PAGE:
Remembering the stories of the Windrush generation

Remembering the stories of the Windrush generation

Marcus Hercules
Marcus Hercules describes how running an HLF-supported oral history-based project encouraged elders from the Manchester Windrush generation to share their stories.

In 2013, while I was working on an HLF project called Rasta Roots, I filmed some footage of my father who was visiting from Ethiopia. He shared stories about his life in Manchester, some of which I’d never heard before.

Sadly my father passed away as the project was running. Had I not captured those stories, I would never have heard them.

It occurred to me that, with each passing year, the stories of how elders in my community settled in Manchester were being lost, slowly seeping into folk law with very little known about who, what, when and why. 

Who were the people that travelled far from home? What did they do when they reached the UK? Why had they decided to take such seemingly drastic action?

All of a sudden it felt really important to share the heritage of the community far and wide. The arrival of the Empire Windrush from the Caribbean in 1948 marked the beginning of mass migration after the war, and it was a key point in the rich history of Manchester.

I saw it as a unique snapshot of time past, one that had not been explored and documented anywhere.

Applying for funding

So we applied for a Heritage Lottery Fund grant for a project called Each One, Teach One. This aimed to preserve and share the oral history of the Windrush generation from Moss Side and Hulme in Greater Manchester. 

“It occurred to me that, with each passing year, the stories of how elders in my community settled in Manchester were being lost."

- Marcus Hercules

Using five important sites in the Moss Side area: Reno Nightclub, Moss Side Precinct, the Bull Ring, Moss Side Fire Station and Medlock Court Flats, we brought elders and younger members of the community together to share stories and create performances based on their experiences. 

We produced two exhibitions, a full-scale theatrical sharing performance, paintings and portraits, all based on the oral history of elder participants.

Getting people involved

At times the elders were guarded about their experiences, perhaps from habit. There was a feeling that they were keeping stories enclosed within their walls; once we managed to scale those walls, most elder participants were happy to open up.

The use of drama was a really effective tool. We were really surprised at how well the fusion of professional performers and the elder and youth participants went.

Drama-based games and activities not only led to some enthusiastic and surprising work coming from these sessions but also provided some physical activity for participants, which overall improved general wellbeing.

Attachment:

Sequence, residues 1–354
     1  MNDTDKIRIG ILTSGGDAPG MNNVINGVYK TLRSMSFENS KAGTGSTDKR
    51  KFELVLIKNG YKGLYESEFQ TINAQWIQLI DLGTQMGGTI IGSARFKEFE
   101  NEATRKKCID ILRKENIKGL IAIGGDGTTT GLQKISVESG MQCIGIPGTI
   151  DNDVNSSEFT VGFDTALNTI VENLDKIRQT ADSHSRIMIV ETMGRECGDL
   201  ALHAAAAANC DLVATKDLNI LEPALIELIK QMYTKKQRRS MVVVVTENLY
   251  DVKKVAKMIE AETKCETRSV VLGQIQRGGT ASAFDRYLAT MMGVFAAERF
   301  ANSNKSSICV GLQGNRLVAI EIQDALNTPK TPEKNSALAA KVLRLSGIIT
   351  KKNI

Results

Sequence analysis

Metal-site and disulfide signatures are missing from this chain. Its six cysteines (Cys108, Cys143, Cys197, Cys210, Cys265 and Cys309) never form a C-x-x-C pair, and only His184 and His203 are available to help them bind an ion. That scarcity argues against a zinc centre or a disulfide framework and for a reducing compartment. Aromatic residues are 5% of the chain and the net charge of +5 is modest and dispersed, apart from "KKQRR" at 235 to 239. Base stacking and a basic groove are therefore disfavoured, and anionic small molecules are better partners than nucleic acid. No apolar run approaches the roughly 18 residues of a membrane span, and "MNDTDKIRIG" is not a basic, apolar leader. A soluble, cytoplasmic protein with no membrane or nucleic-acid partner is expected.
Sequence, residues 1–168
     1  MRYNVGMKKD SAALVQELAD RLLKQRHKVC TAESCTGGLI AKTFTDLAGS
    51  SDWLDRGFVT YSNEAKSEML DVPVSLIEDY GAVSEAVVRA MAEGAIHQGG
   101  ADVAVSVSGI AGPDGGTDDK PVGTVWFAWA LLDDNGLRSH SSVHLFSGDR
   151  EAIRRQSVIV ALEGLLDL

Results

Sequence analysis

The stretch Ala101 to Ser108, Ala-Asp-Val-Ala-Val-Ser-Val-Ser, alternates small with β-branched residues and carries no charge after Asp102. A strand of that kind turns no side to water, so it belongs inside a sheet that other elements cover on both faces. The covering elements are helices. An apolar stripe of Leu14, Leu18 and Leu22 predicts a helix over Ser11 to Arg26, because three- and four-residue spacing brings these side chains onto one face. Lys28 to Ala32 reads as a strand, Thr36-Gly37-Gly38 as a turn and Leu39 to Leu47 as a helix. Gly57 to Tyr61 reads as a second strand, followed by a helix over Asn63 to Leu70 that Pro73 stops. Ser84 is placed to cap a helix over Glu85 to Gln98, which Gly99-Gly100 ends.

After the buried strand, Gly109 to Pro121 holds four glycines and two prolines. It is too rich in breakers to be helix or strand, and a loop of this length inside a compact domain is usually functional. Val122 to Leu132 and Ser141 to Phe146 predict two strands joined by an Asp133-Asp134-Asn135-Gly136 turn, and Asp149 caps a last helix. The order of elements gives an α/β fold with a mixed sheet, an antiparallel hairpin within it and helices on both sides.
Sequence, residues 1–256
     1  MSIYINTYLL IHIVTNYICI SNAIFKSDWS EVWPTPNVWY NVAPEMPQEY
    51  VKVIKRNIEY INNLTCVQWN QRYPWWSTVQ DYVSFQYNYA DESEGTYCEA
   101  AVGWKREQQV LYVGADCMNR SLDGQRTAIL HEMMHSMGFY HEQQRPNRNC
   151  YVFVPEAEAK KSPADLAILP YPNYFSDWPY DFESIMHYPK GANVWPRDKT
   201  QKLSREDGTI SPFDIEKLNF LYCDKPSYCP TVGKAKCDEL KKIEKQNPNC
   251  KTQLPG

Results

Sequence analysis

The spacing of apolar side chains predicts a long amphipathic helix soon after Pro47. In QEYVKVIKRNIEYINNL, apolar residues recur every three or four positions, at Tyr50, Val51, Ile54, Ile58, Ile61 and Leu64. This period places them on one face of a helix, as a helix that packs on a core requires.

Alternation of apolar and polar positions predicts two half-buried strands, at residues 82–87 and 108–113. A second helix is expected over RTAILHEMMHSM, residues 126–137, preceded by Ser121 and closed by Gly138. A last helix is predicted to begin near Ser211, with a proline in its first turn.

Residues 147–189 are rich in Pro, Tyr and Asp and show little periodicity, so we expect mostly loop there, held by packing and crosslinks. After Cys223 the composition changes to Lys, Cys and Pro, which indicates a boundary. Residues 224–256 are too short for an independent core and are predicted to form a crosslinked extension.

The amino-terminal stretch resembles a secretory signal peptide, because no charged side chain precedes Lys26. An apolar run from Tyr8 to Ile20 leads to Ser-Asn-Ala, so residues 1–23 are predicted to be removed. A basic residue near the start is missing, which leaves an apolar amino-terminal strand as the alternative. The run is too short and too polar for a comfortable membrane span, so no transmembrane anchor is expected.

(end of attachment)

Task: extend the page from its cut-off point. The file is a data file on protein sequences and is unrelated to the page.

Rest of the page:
Creating a ‘safe’ space to share experiences

We never expected to hear so much or uncover so many fascinating facts about the community; we knew there were stories to tell but some were unexpected. 

I think this was because we provided a knowledgeable team and created a safe space for sharing. The fact that the project went as smoothly as it did is a testament to a strong project plan and the great practitioners we worked with.

Our HLF grant gave us the freedom to explore the history and heritage that was important to our community. Knowing that we had the expertise and support of HLF gave us more confidence in the running of the project and the North West team were always on hand to provide advice on the best ways to collect and archive oral history.

Capturing memories

We captured oral histories that would never been shared otherwise; for example a woman called Henrietta Shaw gave us an account of leaving her father. She used the phrase ‘a teefin picknie’ (a Jamaican colloquialism meaning a child who has been stolen from one of their parents).

We were able to share, define and remember this phrase; the impact of that sharing means that that forgotten term lives, as does her story. To me, that is powerful.

"Our HLF grant gave us the freedom to explore the history and heritage that was important to our community."

- Marcus Hercules

The project enabled the company to expand our reach into the communities we engage with - we met elder and young participants that are still part of our company story. As we are able to bring in local experts and a strong wider creative team the company was able to reach a larger audience. 

Being able to use a professional set designer helped to add cohesion to the different outputs as everything from the set lighting to the flyers followed a uniform scheme.

The project as a whole impacted on elder and youth alike bringing the community closer together, and all parties felt valued and respected.

Top three tips for applicants

  • Keep applying - don't give up!
  • Access and ask for support - it took us a few goes to get funding for this project; however at every turn we acted upon feedback and ideas from the team
  • Keep heritage at the heart of your project - it's the main objective of the Fund!

Read more about how The Heritage Lottery Fund can support cultures and memories projects

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